Abstract 413: Myeloperoxidase-mediated Methionine Oxidation Renders Apolipoprotein A-I Amyloidogenic
Background Elevated plasma levels of apolipoprotein A-I (apoA-I) correlate with cardiovascular health, while dysfunctional apoA-I promotes atherosclerosis. The high concentration of myeloperoxidase (MPO) produced by activated macrophages in the atherosclerotic lesions generates an oxidative environment that impacts apoA-I and reduces its antiatherogenic functions.
Recent clinical studies revealed that amyloid deposition in the atherosclerotic plaques increases with aging. Interestingly, apoA-I was identified as a central component of these atherosclerosis-related amyloids.
Hypothesis In this study, we tested the hypothesis that MPO-mediated oxidation of apoA-I can produce protein variants that are structurally destabilized and amyloidogenic.
Methods Plasma apoA-I purified from normal individuals was exposed to chemical (hydrogen peroxide) and enzymatic (MPO-H2O2-chloride system) oxidation. Oxidized apoA-I was incubated at 37 °C and pH 6.0 to induce fibril formation.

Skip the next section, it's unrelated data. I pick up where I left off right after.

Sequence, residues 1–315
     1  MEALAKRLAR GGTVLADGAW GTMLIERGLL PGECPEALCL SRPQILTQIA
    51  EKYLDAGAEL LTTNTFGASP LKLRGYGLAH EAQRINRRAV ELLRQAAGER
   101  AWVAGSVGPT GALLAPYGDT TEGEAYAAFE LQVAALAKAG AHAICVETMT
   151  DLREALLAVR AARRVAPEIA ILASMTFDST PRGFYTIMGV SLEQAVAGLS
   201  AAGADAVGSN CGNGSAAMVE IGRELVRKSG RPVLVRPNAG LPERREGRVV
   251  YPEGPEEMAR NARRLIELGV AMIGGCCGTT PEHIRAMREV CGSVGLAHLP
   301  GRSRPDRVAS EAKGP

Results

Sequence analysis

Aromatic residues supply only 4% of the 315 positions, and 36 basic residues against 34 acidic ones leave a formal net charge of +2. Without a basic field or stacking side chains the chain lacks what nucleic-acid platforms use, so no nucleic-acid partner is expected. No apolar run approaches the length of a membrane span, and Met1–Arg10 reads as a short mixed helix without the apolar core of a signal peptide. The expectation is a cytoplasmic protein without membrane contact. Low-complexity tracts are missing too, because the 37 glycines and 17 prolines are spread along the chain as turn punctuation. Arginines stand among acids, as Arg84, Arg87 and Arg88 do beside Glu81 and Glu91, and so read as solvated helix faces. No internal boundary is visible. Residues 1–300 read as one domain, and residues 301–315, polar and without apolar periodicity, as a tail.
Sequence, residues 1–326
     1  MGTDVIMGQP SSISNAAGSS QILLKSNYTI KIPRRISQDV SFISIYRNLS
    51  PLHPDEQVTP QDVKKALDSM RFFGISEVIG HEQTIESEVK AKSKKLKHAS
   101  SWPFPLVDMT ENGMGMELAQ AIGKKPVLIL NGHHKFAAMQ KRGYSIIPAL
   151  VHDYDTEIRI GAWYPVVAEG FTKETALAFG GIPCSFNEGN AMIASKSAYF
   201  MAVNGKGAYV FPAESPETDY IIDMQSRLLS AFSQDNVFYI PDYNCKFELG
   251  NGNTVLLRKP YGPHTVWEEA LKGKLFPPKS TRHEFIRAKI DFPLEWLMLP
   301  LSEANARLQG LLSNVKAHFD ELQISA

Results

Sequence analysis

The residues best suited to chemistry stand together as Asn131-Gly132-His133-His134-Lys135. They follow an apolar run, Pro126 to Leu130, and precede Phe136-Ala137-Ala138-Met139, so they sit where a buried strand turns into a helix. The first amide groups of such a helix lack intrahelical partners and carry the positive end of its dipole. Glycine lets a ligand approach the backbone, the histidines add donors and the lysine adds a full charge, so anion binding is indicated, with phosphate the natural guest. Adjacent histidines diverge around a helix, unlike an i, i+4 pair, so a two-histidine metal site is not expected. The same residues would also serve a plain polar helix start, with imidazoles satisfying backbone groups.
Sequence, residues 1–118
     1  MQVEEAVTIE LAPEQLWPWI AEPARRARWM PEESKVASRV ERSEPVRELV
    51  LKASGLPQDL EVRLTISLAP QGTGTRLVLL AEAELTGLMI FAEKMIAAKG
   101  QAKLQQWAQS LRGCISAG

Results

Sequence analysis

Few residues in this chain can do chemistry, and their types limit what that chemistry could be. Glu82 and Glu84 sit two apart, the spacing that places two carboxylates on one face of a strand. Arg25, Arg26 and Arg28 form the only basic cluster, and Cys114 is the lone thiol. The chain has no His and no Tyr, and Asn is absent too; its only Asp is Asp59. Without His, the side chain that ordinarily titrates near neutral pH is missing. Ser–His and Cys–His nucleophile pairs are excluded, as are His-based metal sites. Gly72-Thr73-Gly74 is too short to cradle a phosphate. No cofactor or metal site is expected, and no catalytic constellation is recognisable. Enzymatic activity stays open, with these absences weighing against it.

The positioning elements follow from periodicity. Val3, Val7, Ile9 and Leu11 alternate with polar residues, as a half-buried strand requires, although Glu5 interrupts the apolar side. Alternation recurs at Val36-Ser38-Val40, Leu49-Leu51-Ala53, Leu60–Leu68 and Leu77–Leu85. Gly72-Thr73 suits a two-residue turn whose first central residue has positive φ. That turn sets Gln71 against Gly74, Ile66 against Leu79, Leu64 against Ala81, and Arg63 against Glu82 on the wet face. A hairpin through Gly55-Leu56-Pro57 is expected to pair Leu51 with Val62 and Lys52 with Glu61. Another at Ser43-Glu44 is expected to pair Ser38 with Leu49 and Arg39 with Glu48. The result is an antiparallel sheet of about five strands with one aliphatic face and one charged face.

Results While no fibril formation was detected in intact apoA-I, both chemically and enzymatically oxidized apoA-I produced fibrillar amyloids after 12 h incubation at 37 °C. A large molar excess (~1000:1) of H2O2 was needed to generate apoA-I fibrils, whereas exposure of apoA-I to a 1:1 oxidant:apoA-I molar ratio in the presence of MPO was sufficient to confer amyloidogenic properties to the protein. Analysis by gel electrophoresis, CD spectroscopy and mass spectrometry of soluble oxidized protein and of isolated fibrils indicate that no significant protein degradation occurred upon oxidation (both chemical and enzymatic) or fibril formation. The amyloid fibrils were composed of full-length apoA-I with all three native methionines converted to methionine sulfoxide.
Conclusions In contrast to hereditary amyloidosis wherein specific mutations of apoA-I cause protein destabilization and amyloid deposition, oxidative conditions similar to those promoted by local inflammation in atherosclerosis are sufficient to transform full-length wild-type apoA-I into an amyloidogenic protein. Thus MPO-mediated oxidation may be implicated in the mechanism that leads to amyloid fibril deposition in the atherosclerotic plaques in vivo.
- © 2013 by American Heart Association, Inc.